The November Man tries to be a sleek, sexy James Bond thriller but comes up a little short


When former James Bond Pierce Brosnan and former Bond girl Olga Kurylenko return to the world of foreign espionage in ‘The November Man,’ is it a hit or a miss with spy thriller aficionados?


“Peter Devereaux, you know what we used to call you? The November Man ‘cause after you passed through, nothing lived.”

That is hands down one of the most badass quotes used in a movie trailer I’ve seen in a while. However, I don’t think the trailer for Relativity Media’s The November Man does it justice. Based loosely upon the novel There Are No Spies by Bill Granger, the film had an interesting plot in that Peter Devereaux (Pierce Brosnan) is an ex-CIA operative forced out of retirement to embark upon one final personal mission that finds him pitted against high-ranking CIA officials, the Russian president-elect Arkady Federov (Lazar Ristovski) and his former protégé David Mason (Luke Bracey), who is like the hot-headed, impetuous son Devereaux never had. Devereaux’s mission is to find and protect a former refugee who may hold the secrets to the Russian president-elect’s political undoing and the unraveling of a decades-old conspiracy.

While this film tries really, really hard to be a smart, sleek and sexy spy thriller in the vein of James Bond, it comes up a little short of the prize. 

Of course I knew Brosnan had been James Bond in fan favorites GoldenEye, Die Another Day, Tomorrow Never Dies and The World Is Not Enough, but I didn’t realize the film’s leading lady Alice (Olga Kurylenko) had been a former Bond girl starring opposite Daniel Craig in Quantum of Solace. While this film tries really, really hard to be a smart, sleek and sexy spy thriller in the vein of James Bond, it comes up a little short of the prize. Like any other movie in this genre, there are a plethora of swerves along the way – some of them you will see coming a mile away because they’re that clichéd, while others may take you by surprise. If you go into this blindly and aren’t bothered by the foreign names and accents that are sometimes difficult to follow, the confusing and at times unnecessary plot twists, the sometimes uncomfortable scenarios and the fact that this far removed from the Cold War I don’t think anybody really cares about Russian politics anymore, then you should be fine.

The best scenes are the ones in which Devereaux plays cat-and-mouse games with Mason, who apparently still has a lot to learn from his former instructor. They banter well together, particularly in the chase scene in which they converse on their cell phones. I enjoyed seeing Brosnan toy with him while trying to teach him valuable lessons about what it means to be involved in the world of espionage, which is apparently something you can’t ever escape. It seems they have a great deal of unspoken respect for one another, even as they’re busily trying to outwit and outlast each other at every twist and turn.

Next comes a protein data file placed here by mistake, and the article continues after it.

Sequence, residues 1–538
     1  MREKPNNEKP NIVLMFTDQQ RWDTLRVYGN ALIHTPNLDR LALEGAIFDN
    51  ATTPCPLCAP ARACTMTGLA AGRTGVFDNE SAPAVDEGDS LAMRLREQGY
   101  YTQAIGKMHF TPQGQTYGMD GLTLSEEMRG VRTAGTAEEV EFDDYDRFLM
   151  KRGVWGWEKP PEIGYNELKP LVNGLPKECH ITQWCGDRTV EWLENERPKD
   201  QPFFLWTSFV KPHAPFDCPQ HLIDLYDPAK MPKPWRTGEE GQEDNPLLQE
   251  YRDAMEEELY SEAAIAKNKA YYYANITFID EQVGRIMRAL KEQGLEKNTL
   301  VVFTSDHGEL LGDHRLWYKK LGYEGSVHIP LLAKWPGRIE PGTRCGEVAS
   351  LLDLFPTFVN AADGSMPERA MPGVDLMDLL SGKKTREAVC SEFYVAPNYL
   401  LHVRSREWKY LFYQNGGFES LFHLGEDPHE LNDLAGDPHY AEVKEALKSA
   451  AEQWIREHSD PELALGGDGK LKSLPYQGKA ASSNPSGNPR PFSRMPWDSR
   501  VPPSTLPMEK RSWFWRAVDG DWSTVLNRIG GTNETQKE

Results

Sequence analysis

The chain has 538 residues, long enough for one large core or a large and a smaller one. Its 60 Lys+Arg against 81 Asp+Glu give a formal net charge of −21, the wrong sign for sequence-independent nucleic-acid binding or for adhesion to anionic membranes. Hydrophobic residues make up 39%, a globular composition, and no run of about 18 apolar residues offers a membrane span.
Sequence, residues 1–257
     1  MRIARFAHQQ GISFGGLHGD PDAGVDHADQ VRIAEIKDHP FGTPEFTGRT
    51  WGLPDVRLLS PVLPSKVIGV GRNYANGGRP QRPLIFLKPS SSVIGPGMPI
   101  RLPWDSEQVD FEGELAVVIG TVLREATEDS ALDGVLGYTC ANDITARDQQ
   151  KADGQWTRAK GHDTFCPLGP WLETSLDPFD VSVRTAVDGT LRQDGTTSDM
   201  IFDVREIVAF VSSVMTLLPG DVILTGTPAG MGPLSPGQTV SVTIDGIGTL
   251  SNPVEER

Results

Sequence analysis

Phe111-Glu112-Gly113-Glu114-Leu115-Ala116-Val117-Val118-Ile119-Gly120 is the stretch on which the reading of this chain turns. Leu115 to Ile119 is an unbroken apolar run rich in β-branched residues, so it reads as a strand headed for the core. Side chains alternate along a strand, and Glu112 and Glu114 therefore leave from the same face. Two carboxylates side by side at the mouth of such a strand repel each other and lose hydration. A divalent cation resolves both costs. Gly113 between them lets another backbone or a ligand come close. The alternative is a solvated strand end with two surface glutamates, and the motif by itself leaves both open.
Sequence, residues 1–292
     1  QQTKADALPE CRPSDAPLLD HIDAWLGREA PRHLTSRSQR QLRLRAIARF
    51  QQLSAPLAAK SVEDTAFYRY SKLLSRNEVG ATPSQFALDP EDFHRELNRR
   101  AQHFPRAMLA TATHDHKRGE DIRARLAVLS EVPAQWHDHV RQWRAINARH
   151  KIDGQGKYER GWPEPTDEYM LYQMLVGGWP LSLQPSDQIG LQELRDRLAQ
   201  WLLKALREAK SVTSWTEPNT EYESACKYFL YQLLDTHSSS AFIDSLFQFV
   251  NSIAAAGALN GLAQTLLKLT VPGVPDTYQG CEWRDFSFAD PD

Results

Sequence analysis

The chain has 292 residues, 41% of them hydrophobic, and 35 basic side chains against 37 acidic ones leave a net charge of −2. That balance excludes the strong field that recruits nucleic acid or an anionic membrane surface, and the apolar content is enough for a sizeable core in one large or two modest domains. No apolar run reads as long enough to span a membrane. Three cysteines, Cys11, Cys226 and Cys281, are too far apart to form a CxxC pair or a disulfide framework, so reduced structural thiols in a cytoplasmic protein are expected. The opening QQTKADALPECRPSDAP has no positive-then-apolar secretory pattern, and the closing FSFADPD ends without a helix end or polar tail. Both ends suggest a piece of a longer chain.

Women are not treated well in this film.

However, there are several things about this film that made me cringe. While I know that war crimes and sex trafficking go on in the world at large, they’re topics that make me squirm in my seat. Women are not treated well in this film. Whether it’s the CIA agent being told she’s just a pair of tits to the real men in charge, the strippers in the gratuitous strip club scene or the Chechen refugees who were raped and held in captivity by the men who wielded all the political power in the Soviet Union, women are treated as objects of pleasure for vile, dirty men and nothing more. The one notable exception is Amila Terzimehic, who portrays the deadly Russian assassin Alexa. I find it refreshing any time a woman is portrayed as being strong, even if she could kill you about a million different ways in your sleep.

I’ve got a confession to make aside from the fact that I’m not really an action/spy thriller aficionado. I’m also a horrible person to watch a film with when I know an actor or actress in it but I’m having trouble placing where I’ve seen him or her before. In the case of The November Man, the actor in question was Bill Smitrovich, who portrays Devereaux’s friend/mentor and high-ranking CIA official Hanley. He looked and sounded so familiar to me, but I couldn’t fathom where I’d seen him, so I did what any self-respecting freelance film journalist does and I IMDb’d him. Of course he has a long and varied resume full of impressive movies and television series, but I know him best as Corky’s father on ‘80s favorite Life Goes On, and I’m not ashamed to admit that! I wasn’t at all familiar with newcomer Luke Bracey, but he appears to be quite the Hollywood up-and-comer, with four titles currently in post-production on IMDb and the lead role in the upcoming Point Break remake, which comes out next year.

Sorry Daniel Craig, but nobody does it better than Pierce Brosnan.

Sorry Daniel Craig, but nobody does it better than Pierce Brosnan. It’s that sexy accent and boyish smirk. Even if it wasn’t my favorite film I’ve reviewed this year and even if it wasn’t the best film in its genre, it was good to see him in a spy vs. spy role again, speeding dizzily down narrow foreign streets with the beautiful girl he’s protecting in tow – he clearly shines in that capacity. I’m not saying you should remember him fondly for what he was because I think he’s still got it in abundance — Brosnan is as handsome and charming a spy as ever. If you can get past all the clichés and plot holes, The November Man can be a fast-paced, adrenaline-filled ride if you’re looking for that sort of thing. And I hear the idea of a sequel is already being tossed around. Maybe they’ll give Brosnan a better script to work with next time if that ever comes to fruition.


Photo Credit: Relativity Media

Comments are closed.

Powered By OneLink